Corsair Gin

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Corsair Gin hails from a part of the United States that you might mistake for “bourbon country.” Corsair Artisan has two distillery locations: Tennessee and Kentucky. It may be that this unexpected location contributes some to the creativity in Corsair Gin. It boasts a rather unexpected array of flavors for a gin and shines in some rather unique ways.

Tasting Notes

The nose of Corsair Gin is complex and interesting. The most prominent flavor I get is a deep, broth-like smell that makes me think of the way the kitchen smells when you begin heating up a vegetable stock to make some soup. Hints of citrus and a bit of sweetness strike you early, but not a whole lot of juniper. Interestingly enough, on the nose alone I’m not sure I would pick this out as gin. But that’s not to say it calls to mind comparisons to any other spirit out there, there’s not a vodka or a rum or even bourbon that boasts a similar nose*.

The taste is where the juniper emerges from the background. There’s still a hint of that warm broth aroma, but it reveals itself here as a combination of more familiar gin flavors. Rosemary, thyme, even a bit of oregano and bay leaf. Unsurprisingly savory elements which one might see in a soup or a broth. The vegetable character is offset by a bit of sweetness too. There’s warm citrus in there, sweet lemon and orange rind, even calling to mind the taste of a carrot cake or other savory/citrusy sort of dish. This is a gin which reminds me of cooking in the kitchen. The finish is clear and junipery with a bit  of pepper lingering on the back of the palette. Its complex and there’s a lot going on here, and a lot of things going on which aren’t going on in many other gins.


I found the flavors to clash a little bit in a Tom Collins. While there’s a lot of ways to make that drink work, I found the flavor to be a bit dissonant. The lemon just doesn’t compliment the herbal notes, though there’s plenty of citrus here, that’s not necessarily what comes out. The same thing goes for the Gimlet and Gin Fizz.

I thought Corsair Gin was okay in an Aviation, but again I was looking for a bit more of the classic juniper and citrus flavor to come out than did. I still got  notes of the warm herbal bouquet, which as I said before, are interesting and complex, they just don’t particularly work.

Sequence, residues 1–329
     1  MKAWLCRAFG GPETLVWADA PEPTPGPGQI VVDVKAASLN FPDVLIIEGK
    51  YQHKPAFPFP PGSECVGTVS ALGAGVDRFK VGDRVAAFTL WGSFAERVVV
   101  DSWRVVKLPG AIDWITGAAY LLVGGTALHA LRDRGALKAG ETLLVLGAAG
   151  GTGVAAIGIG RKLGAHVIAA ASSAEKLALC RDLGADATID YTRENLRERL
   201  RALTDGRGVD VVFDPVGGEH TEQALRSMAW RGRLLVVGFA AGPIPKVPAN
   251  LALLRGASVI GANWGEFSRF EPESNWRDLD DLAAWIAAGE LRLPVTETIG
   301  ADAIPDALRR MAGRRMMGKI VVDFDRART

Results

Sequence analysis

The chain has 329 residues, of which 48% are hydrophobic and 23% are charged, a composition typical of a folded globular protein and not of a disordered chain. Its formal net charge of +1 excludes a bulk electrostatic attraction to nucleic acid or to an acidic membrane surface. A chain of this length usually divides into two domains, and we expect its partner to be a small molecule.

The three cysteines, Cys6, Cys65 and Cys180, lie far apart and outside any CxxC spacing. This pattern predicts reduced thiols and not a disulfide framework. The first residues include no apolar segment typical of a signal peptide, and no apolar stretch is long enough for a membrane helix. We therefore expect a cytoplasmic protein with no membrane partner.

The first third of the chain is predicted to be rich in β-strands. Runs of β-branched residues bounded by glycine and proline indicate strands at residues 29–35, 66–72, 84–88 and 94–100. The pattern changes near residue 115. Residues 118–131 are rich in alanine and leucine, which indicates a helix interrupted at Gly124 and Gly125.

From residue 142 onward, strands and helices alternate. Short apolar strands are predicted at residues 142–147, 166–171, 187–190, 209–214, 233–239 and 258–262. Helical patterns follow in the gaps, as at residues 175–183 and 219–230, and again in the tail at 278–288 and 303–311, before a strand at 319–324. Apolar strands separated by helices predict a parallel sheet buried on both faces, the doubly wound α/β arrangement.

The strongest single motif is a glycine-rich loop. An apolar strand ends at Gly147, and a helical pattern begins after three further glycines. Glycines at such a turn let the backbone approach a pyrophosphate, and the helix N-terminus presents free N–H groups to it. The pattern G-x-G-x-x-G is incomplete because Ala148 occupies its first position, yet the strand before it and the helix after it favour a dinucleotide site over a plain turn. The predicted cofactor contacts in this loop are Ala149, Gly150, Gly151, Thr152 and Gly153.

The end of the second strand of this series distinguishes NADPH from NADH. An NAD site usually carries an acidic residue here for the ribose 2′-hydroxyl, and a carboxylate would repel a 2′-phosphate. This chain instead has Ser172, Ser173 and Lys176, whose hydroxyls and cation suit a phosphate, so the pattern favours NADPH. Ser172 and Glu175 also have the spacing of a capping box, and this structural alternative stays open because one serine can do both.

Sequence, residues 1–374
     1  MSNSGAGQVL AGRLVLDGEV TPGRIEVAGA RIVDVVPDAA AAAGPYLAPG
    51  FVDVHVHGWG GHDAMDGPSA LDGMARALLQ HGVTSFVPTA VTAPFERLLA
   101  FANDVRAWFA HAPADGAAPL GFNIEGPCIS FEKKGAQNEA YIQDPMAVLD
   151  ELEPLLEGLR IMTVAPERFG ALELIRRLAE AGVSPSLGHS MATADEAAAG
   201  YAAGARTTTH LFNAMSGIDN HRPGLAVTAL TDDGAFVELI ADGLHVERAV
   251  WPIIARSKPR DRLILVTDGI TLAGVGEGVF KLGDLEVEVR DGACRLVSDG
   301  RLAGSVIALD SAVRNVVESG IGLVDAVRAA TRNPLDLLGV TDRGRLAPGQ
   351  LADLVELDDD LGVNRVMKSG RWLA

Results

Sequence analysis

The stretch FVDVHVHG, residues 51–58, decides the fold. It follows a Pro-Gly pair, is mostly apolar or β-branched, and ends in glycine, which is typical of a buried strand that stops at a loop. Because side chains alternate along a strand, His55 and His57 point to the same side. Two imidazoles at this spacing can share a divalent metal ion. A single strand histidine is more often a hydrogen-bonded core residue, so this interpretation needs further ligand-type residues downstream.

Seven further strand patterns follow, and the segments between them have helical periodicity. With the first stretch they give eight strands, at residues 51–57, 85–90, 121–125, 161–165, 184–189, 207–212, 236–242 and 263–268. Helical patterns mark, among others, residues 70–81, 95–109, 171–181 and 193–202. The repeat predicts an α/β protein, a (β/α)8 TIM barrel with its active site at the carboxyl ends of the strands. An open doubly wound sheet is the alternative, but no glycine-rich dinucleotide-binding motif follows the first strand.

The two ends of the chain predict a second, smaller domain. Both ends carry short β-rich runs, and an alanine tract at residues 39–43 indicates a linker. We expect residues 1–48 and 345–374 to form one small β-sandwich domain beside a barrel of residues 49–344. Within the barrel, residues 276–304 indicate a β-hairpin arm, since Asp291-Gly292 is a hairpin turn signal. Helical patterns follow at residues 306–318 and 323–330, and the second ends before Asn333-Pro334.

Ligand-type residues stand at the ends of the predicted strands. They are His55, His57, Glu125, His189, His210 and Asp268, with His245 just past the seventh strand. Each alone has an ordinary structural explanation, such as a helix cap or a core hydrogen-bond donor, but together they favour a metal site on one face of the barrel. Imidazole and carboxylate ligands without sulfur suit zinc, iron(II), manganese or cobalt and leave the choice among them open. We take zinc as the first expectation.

Flip that coin over though. If you make a Martini though, I think this is a gin which works rather nicely. A subtle herbal vermouth compliments the herbs and brings out their sweeter, warmer side, while downplaying the elements which I said earlier reminded me “soup in the kitchen.”

Overall, Corsair Gin

Sometimes a gin that works really well neat or on the rocks excels in cocktails where it is the unquestioned star. I think my characterization of Corsair Gin is that while it is creative, unique and fun to taste, it doesn’t play well with others. Gin drinkers in search of something a bit more herbal though are really going to enjoy the Corsair Gin martini.


4 thoughts on “Corsair Gin”

  1. I am an old Bombay Sapphire drinker. I found this Gin at a little restaurant in Pennsylvania. I think it’s the finest tasting Gin I’ve ever had!

  2. Great review- just tried my first bottle last night. The vegetable stock flavor you mentioned reminds me a lot of Rye whiskey! It has a bitter finish to me that clashes in cocktails. Although, of the cocktails mentioned, I think perhaps an Alaska cocktail with Green Chartreuse this may be an asset instead on a hindrance. I also tried with Robert Hess’ Clipper Ship Cocktail in which I thought the gin was much better than Beefeaters (or a dry gin) except for that after-taste. I’ll keep trying it in things. Perhaps a Negroni,,,?? Thanks –

  3. Harpeth river quality, native to this region and well known for a bit of backwater yellow root with a hint of carp after-taste. A fresh twist of lemon was no help for this lame excuse for gin.

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